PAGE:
Erik Pieters: Mr Underappreciated
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Erik Pieters started at right-back for Burnley in their goalless draw with West Bromwich Albion. He wasn't the best player on the pitch but the Pieters quietly went about his business in a way that should be appreciated and acknowledged. 

Pieters, traditionally a left-back, filled the position like the conssumate professional that he is. No fuss. No problems. It's often awkward for a left-footer to play as the other full-back but no such issues were on display at The Hawthornes. And at full-time, it was worth reflecting on the shrewdness of signing the former Manchester United product. 

Quietly solid

Last summer, Pieters moved to Burnley for roughly £1-million from Stoke City with Stephen Ward heading in the opposite direction. Ward had been an outstanding servant for Sean Dyche but the Irishman was struggling with injuries. He had also lost his starting birth to Charlie Taylor.

Taylor was injured at the start of the 2019-20 season and Pieters was fast-tracked into the starting eleven; he contributed two assists in a 3-0 victory over Southampton. Pieters actually had a very shaky opening 45 minutes but he certainly grew into the match after the interval. That in-match progression was enough to impress Dyche who decided to keep faith in his new signing.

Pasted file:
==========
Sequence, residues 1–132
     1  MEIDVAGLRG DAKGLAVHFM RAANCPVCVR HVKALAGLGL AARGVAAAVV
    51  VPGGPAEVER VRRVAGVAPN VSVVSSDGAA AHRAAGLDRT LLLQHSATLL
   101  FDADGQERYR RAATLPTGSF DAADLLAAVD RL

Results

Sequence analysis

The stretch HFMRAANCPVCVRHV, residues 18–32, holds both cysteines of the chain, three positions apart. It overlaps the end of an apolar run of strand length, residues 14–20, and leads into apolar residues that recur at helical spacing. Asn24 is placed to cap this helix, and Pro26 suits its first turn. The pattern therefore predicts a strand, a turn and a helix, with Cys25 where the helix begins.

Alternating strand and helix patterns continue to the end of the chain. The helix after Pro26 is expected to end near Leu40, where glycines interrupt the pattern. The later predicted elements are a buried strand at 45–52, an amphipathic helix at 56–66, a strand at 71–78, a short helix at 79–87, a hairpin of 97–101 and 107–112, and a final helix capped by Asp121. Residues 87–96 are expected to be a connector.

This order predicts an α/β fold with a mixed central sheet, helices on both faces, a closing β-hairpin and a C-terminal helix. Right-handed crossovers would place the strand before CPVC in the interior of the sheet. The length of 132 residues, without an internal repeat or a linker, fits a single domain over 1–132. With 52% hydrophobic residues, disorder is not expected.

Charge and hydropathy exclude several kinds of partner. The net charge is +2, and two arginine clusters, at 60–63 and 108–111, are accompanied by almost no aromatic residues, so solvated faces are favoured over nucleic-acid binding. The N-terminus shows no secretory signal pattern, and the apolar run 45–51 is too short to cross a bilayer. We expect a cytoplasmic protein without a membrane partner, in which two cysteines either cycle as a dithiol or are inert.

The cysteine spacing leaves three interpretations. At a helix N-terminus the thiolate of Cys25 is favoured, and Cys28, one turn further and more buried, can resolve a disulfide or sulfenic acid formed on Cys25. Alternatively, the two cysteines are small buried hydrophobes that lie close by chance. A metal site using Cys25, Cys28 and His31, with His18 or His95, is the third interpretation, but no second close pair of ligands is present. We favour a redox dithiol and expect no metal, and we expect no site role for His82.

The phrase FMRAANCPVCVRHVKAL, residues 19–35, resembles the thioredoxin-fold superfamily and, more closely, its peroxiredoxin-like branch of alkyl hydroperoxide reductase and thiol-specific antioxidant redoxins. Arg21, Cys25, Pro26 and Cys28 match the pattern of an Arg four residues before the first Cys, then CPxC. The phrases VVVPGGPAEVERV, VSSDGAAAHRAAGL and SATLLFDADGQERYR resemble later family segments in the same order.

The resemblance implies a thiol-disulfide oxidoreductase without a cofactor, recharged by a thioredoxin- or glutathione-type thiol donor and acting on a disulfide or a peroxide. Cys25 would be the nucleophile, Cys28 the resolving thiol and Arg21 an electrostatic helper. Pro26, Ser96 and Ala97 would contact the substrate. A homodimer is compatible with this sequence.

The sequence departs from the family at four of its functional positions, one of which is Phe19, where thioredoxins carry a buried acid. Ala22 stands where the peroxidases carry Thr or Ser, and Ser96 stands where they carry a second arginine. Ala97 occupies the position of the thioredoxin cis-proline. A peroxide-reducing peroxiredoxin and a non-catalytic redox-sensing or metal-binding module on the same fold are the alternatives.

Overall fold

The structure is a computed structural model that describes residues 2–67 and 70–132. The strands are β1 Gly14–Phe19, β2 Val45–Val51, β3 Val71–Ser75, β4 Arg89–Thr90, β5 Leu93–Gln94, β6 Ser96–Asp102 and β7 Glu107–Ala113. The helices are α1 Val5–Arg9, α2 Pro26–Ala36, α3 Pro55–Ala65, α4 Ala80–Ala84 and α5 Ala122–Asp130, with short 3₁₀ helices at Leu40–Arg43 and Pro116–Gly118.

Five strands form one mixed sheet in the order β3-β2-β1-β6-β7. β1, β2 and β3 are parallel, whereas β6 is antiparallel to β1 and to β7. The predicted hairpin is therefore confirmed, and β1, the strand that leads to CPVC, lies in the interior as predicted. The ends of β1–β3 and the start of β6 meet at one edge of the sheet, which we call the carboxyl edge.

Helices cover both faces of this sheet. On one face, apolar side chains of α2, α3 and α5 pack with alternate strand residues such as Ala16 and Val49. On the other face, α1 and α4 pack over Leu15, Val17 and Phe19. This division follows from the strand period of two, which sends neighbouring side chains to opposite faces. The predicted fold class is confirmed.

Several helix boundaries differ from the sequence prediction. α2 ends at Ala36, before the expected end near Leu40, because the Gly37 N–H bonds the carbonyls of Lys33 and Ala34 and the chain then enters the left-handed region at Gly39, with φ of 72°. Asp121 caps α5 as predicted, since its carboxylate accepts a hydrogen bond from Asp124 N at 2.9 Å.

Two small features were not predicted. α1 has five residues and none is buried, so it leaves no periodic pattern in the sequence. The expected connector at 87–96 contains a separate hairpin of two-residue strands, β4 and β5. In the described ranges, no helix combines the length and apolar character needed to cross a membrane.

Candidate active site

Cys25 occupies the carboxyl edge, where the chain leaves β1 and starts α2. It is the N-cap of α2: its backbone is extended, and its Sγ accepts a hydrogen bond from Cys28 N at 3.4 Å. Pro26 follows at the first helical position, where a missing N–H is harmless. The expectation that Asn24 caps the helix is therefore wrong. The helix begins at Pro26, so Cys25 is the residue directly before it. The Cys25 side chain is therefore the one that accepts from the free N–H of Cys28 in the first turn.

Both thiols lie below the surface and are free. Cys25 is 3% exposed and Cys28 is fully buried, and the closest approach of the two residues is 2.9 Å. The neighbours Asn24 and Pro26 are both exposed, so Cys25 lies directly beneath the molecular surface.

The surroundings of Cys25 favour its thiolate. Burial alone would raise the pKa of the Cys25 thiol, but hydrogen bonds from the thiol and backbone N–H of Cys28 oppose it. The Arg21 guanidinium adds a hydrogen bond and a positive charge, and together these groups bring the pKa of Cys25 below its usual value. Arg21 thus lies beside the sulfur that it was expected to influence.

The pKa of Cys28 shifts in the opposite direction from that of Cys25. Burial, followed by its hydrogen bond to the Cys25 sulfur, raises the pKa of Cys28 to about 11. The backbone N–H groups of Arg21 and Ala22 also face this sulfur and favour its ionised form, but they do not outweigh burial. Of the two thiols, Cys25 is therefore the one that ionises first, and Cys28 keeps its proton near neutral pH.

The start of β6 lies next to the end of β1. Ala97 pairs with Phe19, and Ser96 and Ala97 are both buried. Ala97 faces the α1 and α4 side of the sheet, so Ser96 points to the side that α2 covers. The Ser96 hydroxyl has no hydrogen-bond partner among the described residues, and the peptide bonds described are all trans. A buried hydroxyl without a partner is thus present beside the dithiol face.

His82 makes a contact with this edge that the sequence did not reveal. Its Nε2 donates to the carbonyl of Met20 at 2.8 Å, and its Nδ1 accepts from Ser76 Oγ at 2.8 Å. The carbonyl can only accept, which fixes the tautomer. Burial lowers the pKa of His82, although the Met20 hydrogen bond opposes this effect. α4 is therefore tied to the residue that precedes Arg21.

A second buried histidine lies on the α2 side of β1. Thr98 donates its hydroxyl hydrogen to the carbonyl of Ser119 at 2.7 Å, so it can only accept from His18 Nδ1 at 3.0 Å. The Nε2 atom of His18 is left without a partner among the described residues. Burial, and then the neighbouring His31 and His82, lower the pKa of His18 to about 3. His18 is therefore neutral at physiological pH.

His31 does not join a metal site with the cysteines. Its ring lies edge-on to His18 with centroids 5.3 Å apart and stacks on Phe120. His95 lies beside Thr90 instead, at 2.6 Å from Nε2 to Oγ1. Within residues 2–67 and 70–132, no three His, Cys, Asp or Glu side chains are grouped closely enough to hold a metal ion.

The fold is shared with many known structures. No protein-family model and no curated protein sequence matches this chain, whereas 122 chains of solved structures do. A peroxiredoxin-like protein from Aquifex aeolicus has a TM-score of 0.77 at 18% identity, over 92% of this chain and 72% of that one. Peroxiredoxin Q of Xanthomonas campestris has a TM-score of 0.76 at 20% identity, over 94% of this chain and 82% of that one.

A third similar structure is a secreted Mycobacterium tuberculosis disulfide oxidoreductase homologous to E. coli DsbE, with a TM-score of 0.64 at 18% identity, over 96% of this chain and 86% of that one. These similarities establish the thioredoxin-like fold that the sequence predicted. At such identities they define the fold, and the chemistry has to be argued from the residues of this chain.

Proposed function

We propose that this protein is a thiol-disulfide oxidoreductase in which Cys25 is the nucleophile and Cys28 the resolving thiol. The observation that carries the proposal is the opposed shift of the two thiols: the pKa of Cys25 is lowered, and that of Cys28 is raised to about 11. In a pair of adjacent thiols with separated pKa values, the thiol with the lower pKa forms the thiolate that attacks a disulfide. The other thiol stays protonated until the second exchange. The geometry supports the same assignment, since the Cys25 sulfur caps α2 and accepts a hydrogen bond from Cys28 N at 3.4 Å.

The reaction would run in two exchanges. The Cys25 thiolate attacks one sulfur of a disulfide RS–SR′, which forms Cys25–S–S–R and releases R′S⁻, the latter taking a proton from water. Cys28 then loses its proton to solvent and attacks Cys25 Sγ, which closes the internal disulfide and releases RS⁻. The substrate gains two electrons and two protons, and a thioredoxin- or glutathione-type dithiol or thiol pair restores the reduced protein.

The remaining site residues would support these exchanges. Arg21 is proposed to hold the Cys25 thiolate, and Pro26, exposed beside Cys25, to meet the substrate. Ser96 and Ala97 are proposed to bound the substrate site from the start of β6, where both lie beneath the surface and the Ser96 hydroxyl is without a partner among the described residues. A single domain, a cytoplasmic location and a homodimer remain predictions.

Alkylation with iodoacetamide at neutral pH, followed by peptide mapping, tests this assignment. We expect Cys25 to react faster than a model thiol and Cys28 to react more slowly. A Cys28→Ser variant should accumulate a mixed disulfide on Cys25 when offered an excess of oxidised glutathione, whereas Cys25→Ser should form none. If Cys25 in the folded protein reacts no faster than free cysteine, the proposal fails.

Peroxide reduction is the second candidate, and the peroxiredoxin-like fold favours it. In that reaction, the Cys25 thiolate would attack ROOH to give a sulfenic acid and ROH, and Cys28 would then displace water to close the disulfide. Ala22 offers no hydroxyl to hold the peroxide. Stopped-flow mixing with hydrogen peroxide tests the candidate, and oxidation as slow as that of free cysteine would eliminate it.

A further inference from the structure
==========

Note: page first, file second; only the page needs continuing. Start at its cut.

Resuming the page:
Pieters went on to become a regular fixture in the starting eleven, forcing Taylor to begin the campaign as a substitute. Taylor did manage to force his way back into the fold after Pieters, himself, suffered suffered an injury as well. 

One thing that is often overlooked is Pieters' attacking threat in the final-third. He is capable of delivering an inviting cross and also possesses a rocket of a left-boot. In fact, Pieters has scored some wonderful goals in the FA Cup, including a rasping half-volley against Norwich City. He scored two goals and made four assists during the 2019-20 campaign. 


Pieters is not a jack-of-all-trades but his versatility is admirable. He had made a positive impact for Burnley on the wing, applying his own interpretation to the advanced position. The 32-year-old likes to get physical with opposition full-back players and elects to play safe passes to retain possession. Sometimes, he can provide the occasional killer pass or connect well with a strike on goal but it's quite clear that he is aware of what he can and can't do. 

What Pieters epitomises is the Dyche mentality. Very few Premier League teams would be eyeing up a move for the experienced defender but his attitude and application simply works in this setup. Pieters knows his limitations but he doesn't let that affect his game. He has honesty and integrity; that's good enough for Dyche. 

There is an option for a further year on Pieters' contract which ends in 2021. It would seem silly to ignore that simple extension, given that other areas of the squad are in need of more urgent attention.